Volkswagen has teased a genuinely affordable EV for years (the ID.3 was originally meant to be that model), but now it’s finally ready to make that machine a reality. The company has unveiled an ID.2all concept that previews a production compact car priced below €25,000 (about $26,000). It should be considerably more affordable than the second-gen ID.3 (€39,995 in Germany), but it won’t be as compromised as you might think.
The ID.2all is based on an upgraded “MEB Entry” platform that promises more performance than you’d expect from an EV this size. The front wheel drive car will pack a 223HP motor good for a 62MPH sprint in under seven seconds, and it should muster an estimated 280-mile range. It’s expected to take just 20 minutes to charge from 10 percent to 80 percent, too. While there are clearly faster and longer-ranged EVs, VW’s offering is more capable than alternatives like the Mini Cooper SE.
And like many EVs, the switch away from combustion power allows for considerably more interior space. VW claims as much room as a Golf despite pricing closer to the Polo supermini. The trunk isn’t huge at 17 cubic feet, but the automaker claims it bests some larger cars. You might not compromise much on technology, either, as VW is promising Travel Assist, an EV route planner and smart lighting.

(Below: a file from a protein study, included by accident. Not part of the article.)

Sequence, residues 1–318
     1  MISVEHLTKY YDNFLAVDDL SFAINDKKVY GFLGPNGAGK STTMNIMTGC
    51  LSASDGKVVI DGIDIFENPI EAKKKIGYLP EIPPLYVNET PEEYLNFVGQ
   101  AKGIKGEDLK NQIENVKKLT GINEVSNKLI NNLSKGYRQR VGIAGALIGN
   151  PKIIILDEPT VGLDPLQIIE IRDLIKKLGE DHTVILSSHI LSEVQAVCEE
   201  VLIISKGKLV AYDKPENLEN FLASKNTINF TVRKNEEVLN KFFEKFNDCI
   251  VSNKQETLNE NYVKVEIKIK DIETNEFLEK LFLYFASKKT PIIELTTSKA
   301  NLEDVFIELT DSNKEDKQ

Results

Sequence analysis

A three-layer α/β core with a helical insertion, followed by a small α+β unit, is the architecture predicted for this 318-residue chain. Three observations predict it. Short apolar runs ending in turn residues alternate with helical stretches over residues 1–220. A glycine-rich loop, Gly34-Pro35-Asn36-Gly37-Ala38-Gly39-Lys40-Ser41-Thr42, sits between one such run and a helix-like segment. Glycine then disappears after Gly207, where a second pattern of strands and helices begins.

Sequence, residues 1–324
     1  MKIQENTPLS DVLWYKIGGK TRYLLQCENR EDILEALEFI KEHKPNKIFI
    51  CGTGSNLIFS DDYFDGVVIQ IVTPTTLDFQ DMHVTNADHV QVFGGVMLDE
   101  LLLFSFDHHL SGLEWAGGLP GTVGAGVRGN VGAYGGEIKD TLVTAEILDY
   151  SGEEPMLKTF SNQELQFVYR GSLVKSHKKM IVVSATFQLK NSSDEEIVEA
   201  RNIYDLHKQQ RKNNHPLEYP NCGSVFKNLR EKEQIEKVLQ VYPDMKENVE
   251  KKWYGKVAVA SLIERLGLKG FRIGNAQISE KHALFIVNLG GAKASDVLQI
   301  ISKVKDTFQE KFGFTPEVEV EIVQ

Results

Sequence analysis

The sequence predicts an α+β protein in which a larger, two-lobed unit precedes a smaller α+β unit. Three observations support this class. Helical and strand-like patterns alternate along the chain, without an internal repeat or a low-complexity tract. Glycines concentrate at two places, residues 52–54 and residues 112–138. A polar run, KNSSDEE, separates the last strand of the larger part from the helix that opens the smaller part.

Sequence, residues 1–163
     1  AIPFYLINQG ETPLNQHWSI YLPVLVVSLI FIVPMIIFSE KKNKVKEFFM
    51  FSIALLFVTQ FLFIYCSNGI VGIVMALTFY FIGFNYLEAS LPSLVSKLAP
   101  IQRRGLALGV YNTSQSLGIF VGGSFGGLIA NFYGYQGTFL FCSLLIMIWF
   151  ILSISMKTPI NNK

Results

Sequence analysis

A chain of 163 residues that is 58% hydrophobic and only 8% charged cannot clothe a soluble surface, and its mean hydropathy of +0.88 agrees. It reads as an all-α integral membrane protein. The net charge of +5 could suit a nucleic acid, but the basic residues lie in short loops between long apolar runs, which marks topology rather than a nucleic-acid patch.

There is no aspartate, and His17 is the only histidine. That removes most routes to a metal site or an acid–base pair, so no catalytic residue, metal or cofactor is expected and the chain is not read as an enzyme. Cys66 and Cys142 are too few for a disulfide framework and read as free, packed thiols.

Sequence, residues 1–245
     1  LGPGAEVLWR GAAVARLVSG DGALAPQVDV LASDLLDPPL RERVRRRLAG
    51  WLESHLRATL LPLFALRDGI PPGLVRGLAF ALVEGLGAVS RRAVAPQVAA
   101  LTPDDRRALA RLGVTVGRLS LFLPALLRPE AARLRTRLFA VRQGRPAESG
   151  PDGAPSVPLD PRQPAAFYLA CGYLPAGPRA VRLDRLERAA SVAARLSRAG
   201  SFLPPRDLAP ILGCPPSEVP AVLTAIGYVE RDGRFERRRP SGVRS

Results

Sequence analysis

The production ID.2all should debut in Europe in 2025. Unfortunately, we wouldn’t count on a North American release. Compact cars have been losing ground to crossovers and SUVs in the region for years, and VW’s American branch only sells the sportier Golf GTI and Golf R in that category. Like it or not, you’ll likely have to make do with an ID.4 if you want a reasonably-sized VW EV on this side of the Atlantic.
Even so, the ID.2all is an important car both for VW and the industry. It should play a key role in a stepped-up electrification strategy that will see VW launch ten new EVs by 2026, including the ID.7 sedan. This will also help the brand fend off competition from rival cars like the Renault Zoe (€35,100 in its native France). And importantly, this is part of a broader trend of making lower-priced EVs that don’t feel like major compromises. Chevy’s Equinox EV is poised to cost $30,000 when it arrives this fall, and Tesla is still clinging to dreams of a $25,000 model. Even if these cars are priced above combustion engine equivalents, they should help EVs transition into the mainstream.